Papering over our pain in the time of genocide

May 20, 2024
Flags of Israel and Palestine with a crack in the middle, concept of conflict

Keeping silent, while a genocide is in full swing for all to see, is not good for social cohesion.

These days any expression of grief over the genocide in Gaza is regarded as a threat to social cohesion. Any expression of moral clarity is labelled antisemitic. A large number of us are expected to keep silent and paper over our pain for the sake of social cohesion.

For many of us, this begs the question. Why is it that only our expressions of grief threaten social cohesion? Why is it that only the reasons for our grief must be suppressed in the media? When the war in Ukraine started we did not ask Ukrainian Australians to keep silent for the sake of social cohesion. We listened to their stories, let them express their feelings and voice their opinions, on matters here and matters in Ukraine. When our media and politicians engage in warmongering against China, there is scant regard for social cohesion. When some politicians and sections of the media campaigned against the long overdue and very modest proposal that was The Voice, there seemed to be little concern for social cohesion. On 7 October last year, we felt the anguish of Jewish Australians, and my heart still goes out to them for their suffering over the hostages. There was an outpouring of compassion from politicians and journalists. No politician and no journalist, and rightly so, asked them to paper over their pain and keep silent for the sake of social cohesion.

For me, our media coverage of Israel/ Palestine is a major threat to social cohesion. The framing, the omissions, the choice of words, the choice of whom to interview, and the lack of context, make many of us feel unseen, unheard and unfairly treated. I have come to expect the usual agenda-pushing coverage from corporate media but I expected far better from our public broadcaster. The ABC coverage over the past seven months has been at best inadequate and at worst shameful.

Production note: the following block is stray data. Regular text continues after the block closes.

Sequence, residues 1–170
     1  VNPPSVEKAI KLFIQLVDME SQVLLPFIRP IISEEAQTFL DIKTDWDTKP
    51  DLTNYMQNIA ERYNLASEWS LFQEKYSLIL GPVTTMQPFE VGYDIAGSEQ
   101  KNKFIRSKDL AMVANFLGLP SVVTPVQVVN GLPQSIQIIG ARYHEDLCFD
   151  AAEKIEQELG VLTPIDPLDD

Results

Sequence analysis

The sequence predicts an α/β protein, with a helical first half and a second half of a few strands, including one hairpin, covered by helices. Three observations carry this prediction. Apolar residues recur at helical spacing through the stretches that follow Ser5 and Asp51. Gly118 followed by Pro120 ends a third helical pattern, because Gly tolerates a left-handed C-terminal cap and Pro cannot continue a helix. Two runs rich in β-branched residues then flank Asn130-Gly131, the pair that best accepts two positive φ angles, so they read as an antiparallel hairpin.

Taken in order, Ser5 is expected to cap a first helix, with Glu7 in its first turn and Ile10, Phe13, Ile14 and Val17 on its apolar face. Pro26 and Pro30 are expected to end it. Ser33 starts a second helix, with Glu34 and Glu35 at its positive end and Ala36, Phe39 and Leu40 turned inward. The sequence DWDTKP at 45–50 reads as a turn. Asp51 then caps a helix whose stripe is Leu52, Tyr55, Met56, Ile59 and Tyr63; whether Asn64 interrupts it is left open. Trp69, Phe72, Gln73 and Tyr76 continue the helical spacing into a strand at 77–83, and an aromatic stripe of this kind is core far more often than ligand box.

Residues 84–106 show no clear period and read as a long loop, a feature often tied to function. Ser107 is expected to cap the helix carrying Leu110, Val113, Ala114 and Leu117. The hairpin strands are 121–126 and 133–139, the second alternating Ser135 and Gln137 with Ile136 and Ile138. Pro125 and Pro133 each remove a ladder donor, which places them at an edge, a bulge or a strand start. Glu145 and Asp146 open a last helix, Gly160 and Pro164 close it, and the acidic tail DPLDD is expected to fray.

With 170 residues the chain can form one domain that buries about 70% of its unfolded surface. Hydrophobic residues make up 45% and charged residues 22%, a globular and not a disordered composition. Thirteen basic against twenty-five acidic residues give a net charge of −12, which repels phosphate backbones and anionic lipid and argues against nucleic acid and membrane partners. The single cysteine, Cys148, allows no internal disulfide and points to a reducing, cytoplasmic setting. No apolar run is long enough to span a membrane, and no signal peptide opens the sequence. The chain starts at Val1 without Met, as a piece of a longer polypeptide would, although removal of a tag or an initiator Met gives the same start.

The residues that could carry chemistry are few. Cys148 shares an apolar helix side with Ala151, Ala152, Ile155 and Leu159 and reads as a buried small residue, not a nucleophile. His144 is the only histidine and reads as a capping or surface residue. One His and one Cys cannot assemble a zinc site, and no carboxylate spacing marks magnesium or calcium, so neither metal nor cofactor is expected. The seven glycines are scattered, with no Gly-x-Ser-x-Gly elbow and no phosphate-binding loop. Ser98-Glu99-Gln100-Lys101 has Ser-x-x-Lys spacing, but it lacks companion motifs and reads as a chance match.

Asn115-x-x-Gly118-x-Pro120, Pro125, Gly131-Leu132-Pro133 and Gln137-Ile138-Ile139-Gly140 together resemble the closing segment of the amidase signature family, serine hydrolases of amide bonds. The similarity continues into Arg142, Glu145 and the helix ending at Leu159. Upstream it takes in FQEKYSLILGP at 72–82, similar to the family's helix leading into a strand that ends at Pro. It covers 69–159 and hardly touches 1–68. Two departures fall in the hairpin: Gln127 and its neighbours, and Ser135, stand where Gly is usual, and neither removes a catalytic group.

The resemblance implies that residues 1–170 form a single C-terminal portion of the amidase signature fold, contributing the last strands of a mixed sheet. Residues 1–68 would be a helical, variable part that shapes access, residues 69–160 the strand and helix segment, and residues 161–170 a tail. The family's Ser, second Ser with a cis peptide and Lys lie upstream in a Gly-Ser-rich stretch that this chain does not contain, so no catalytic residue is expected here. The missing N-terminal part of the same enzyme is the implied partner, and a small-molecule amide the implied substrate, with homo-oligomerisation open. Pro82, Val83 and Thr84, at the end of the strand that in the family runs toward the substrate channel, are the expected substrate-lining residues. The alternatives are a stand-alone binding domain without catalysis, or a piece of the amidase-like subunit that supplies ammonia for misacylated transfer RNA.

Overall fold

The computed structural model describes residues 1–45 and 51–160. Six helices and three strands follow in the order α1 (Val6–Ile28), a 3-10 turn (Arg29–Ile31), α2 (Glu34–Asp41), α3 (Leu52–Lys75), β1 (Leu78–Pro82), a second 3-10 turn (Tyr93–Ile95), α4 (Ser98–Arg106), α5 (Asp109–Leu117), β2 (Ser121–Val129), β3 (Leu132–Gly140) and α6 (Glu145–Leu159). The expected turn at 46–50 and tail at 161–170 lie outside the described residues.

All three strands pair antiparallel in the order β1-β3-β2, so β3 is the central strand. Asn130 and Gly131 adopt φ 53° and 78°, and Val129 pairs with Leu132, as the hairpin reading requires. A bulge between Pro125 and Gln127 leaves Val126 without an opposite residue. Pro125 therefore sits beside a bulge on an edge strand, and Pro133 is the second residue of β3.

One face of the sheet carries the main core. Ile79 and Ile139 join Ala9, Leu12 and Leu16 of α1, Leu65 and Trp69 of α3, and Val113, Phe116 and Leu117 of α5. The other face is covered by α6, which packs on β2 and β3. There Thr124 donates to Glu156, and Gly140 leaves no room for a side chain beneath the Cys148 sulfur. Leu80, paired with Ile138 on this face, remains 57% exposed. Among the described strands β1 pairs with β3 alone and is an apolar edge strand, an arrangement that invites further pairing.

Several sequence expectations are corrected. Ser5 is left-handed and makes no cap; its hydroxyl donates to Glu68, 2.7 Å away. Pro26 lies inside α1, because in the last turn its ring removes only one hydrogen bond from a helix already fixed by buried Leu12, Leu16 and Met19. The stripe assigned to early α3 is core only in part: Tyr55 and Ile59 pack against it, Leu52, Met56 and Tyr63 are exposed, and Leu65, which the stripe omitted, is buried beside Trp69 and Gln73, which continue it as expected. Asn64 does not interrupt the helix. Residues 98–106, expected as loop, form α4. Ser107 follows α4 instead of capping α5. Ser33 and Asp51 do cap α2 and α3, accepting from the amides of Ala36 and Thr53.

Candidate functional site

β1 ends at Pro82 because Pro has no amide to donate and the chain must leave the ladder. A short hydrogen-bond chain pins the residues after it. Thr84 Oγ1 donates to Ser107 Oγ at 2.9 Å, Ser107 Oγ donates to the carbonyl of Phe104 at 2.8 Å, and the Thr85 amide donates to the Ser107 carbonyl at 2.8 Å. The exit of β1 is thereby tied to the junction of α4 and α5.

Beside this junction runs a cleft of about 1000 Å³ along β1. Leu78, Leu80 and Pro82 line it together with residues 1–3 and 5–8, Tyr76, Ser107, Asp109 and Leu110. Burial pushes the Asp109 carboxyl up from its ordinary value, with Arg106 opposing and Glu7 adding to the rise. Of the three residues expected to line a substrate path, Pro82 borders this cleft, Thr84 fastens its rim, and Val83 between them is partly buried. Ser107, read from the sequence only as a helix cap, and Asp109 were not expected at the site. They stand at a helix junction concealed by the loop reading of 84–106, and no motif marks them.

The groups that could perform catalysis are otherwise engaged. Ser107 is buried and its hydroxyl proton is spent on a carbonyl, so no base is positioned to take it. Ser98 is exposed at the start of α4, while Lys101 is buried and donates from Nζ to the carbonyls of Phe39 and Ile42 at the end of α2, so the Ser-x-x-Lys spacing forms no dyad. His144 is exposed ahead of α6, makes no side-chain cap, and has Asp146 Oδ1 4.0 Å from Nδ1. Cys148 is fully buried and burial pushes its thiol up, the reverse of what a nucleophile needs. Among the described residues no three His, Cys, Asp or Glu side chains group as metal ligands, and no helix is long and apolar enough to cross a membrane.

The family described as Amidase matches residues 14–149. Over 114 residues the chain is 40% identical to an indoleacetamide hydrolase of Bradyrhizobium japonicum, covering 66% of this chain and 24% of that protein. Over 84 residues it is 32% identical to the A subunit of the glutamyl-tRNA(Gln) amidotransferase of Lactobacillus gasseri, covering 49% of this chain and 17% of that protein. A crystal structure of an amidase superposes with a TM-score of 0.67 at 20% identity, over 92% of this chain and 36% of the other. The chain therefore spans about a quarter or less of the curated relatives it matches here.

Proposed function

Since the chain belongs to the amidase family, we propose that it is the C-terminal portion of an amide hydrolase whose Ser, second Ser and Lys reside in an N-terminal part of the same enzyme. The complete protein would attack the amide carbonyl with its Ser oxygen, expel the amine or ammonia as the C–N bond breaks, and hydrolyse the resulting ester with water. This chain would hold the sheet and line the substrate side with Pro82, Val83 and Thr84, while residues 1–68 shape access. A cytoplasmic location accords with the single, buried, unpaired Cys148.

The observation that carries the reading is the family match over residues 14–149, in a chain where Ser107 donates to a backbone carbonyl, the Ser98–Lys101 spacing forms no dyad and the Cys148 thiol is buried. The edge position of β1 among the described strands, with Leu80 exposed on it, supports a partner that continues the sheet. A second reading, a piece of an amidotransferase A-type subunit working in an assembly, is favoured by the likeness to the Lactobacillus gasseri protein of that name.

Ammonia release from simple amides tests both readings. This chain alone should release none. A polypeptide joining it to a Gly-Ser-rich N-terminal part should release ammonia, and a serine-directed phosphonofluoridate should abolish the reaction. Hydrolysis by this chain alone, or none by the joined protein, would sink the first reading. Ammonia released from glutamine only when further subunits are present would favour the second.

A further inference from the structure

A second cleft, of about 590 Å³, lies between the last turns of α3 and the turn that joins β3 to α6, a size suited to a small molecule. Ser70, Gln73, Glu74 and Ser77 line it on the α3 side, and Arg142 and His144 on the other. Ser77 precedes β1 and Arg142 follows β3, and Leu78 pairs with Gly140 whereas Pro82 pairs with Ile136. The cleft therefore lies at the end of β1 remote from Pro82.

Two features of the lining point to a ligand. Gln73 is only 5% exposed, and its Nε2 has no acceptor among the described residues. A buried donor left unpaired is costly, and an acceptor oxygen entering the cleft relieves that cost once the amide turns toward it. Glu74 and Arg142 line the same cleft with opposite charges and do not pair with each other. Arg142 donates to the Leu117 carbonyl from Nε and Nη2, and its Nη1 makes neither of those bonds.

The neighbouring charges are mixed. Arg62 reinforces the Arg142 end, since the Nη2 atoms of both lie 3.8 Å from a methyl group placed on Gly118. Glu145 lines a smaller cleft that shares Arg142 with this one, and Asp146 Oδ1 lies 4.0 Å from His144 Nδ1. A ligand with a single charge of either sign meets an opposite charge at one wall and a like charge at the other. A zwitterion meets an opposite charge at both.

On the day that all hell broke loose because Senator Fatima Payman, alone among her Labor colleagues, had the courage to call out the Gaza Genocide, the University Network for Human Rights released a report that it called “the most thorough legal analysis” yet to find “Israel is committing genocide” against Palestinians in the Gaza Strip, ‘Most Thorough Legal Analysis’ Yet Concludes Israel Committing Genocide in Gaza | Common Dreams. A week before, Amos Goldberg, Professor of Holocaust History at the Hebrew University of Jerusalem wrote his article “Yes, it is genocide” Prof. Amos Goldberg: “Yes, it is genocide” | Jewish Voice for Labour. Did ABC journalists discuss the University Network for Human Rights report? Did they discuss Professor Goldberg’s findings? I am afraid they were busy asking whether Senator Payman should be removed from a foreign affairs committee. A few months ago, many of us would stay up late watching the proceedings of the International Court of Justice (ICJ) in the case brought by South Africa against Israel, only to be dismayed the next morning by the ABC’s coverage. Did this case not deserve extensive and prominent coverage, across the network? Funny how we treat the UN as important at certain times, and ignore it as irrelevant at others.

As our politicians and journalists seek to silence our voices, as they tread gingerly around the starving, wounded, traumatised and slaughtered in Gaza, and as they continue to speak of the ‘conflict’, they do not serve our social cohesion. All they do is reinforce perceptions of ‘double standards’ and ‘hypocrisy’. They remind one section of our community that our leaders’ concern and empathy are doled out selectively, and that our mainstream media has strayed far from its Code of Ethics. Much of what I read in the Israeli newspaper Haaretz will never be published in Australia. Not in order to safeguard our social cohesion but because it would be deemed too critical of Israel. Nowadays, I only read and watch our mainstream media to keep up-to-date with the approved narrative we are being fed. To keep informed and to understand complex issues, I turn to those independent journalists whose insightful analysis and moral clarity shine through their work.

Conflating criticism of Israel’s policies with antisemitism makes Arab Australians afraid of being falsely labelled antisemitic, and Australian Jews afraid of being wrongly seen as responsible for Israel’s policies. This conflation ignores the voices of anti-Zionist Jewish Australians, distracts from real antisemitism, and devalues the immense contribution of Jewish scholarship on the subject.

Keeping silent, while a genocide is in full swing for all to see, is not good for social cohesion. And if it were, it still would not be the moral choice to make.

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